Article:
13. Rosendal L, Langberg H, Skov-Jensen A, Kjaer M. Incidence of injury and physical performance adaptations during military training. Clin J Sport Med 2003;13:157-63.         [ Links ]

14. Hino AAF, Reis RS, Rodiguez-añez CR, Fermino RC. Prevalência de lesões em corredores de rua e fatores associados. 2009. Rev Bras Med Esporte 2009;15:36-9.         [ Links ]

15. Middelkoop Van M, Kolkman J, Van Ochten J, Bierma-Zeinstra SMA, Koes B. Prevalence and incidente of lower extremity injuries in male marathon runners. Scand J Med Sci Sports 2008;18:140-4.         [ Links ]

16. Rudzki SJ. Injuries in Australian army recruits. Part I. Decreased incidence and severity of injury seen with reduced running distance. Mil Med 1997;162:472-6.         [ Links ]

17. Fauno P, Kalund S, Andreasen I, et al. Soreness in lower extremities and back is reduced by use of shock absorbing heel inserts. Int J Sports Med. 1993;14:288-90.         [ Links ]

18. Pollock ML, Gettman LR, Milesis CA, et al. Effects of frequency and duration of training on attrition and incidence of injury. Med Sci Sports Exerc 1977;9:31-6.         [ Links ]

19. Pope RP, Herbert RK, Kirwan JD, et al. A randomized trial of preexercise stretching for prevention of lower limb injury. Med Sci Sports Exerc 2000;32:271-7.         [ Links ]

20. Pastre CM, Filho GC, Monteiro HL, Junior JN, Padovani CR. Lesoes desportivas na elite do atletismo brasileiro: estudo a partir de morbidade referida. Rev Bras Med Esporte 2005;11:43-7.         [ Links ]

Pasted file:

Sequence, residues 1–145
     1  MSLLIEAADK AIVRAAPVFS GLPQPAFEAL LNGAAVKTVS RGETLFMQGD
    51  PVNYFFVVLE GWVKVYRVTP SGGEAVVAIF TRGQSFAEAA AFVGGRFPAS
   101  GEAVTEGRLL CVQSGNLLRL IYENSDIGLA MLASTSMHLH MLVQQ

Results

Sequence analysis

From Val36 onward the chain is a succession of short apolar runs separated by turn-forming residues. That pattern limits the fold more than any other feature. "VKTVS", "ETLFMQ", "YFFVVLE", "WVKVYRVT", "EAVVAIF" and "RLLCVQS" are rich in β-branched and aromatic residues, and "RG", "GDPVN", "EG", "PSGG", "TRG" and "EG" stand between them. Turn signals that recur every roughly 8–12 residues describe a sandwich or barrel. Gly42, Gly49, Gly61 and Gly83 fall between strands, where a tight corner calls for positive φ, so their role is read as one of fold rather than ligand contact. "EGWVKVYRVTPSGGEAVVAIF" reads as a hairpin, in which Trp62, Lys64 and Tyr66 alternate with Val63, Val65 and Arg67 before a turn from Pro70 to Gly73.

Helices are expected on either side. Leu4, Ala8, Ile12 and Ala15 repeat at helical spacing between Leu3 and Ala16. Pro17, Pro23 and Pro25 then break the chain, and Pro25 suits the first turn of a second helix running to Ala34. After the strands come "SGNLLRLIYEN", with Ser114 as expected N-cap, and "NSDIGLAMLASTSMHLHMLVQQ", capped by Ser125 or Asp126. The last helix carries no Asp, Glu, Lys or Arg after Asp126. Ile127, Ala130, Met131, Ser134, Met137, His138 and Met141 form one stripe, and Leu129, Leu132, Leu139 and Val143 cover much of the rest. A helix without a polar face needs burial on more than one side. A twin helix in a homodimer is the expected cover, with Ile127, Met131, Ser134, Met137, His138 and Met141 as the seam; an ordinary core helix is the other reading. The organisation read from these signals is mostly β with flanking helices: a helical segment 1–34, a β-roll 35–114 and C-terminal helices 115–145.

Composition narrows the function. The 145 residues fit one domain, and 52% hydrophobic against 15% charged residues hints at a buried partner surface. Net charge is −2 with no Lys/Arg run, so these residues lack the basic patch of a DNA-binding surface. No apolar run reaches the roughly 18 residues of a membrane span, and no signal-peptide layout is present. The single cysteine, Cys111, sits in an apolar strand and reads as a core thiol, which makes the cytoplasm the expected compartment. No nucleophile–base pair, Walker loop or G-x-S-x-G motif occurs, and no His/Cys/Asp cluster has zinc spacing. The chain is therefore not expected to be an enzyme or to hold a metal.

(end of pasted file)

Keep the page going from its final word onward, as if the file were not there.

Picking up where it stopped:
21. Reinking MF. Exercise-Related Leg Pain in Female Collegiate Athletes The Influence of Intrinsic and Extrinsic Factors. Am J Sports Med 2008;34:1500-7.         [ Links ]

22. Buist I,Bredeweg SW, Lemmink KAPM et al. Predictors of Running-Related Injuries in Novice Runners Enrolled in a Systematic Training Program: A Prospective Cohort Study. Am J Sports Med 2010;38:273-80.         [ Links ]

23. Marti B, Vader JP, Minder CE, et al. On the epidemiology of running injuries. The 1984 Bern Grand-Prix study. Am J Sports Med 1988;16:285-94.         [ Links ]

24. Fredericson M, Misra AK. Epidemiology and aetiology of Marathon running injuries. Sports Med 2007;37:437-9.         [ Links ]

25. Mueller MJ, Maluf KS. Tissue Adaptation to Physical Stress: A Proposed "Physical Stress Theory" to Guide Physical Therapist Practice, Education, and Research. Phys Ther 2002;82:383-403.         [ Links ]

26. Tracey J. The emotional response to the injury and rehabilitation process. Journal of Applied Psychology 2003;15:279-93.         [ Links ]

 

 

Mailing address:
Diogo Carvalho Felício
Alameda Maria Turíbia de Jesus, 44/101, Centro
32560-090 - Betim, MG
E-mail: diogofelicio@yahoo.com.br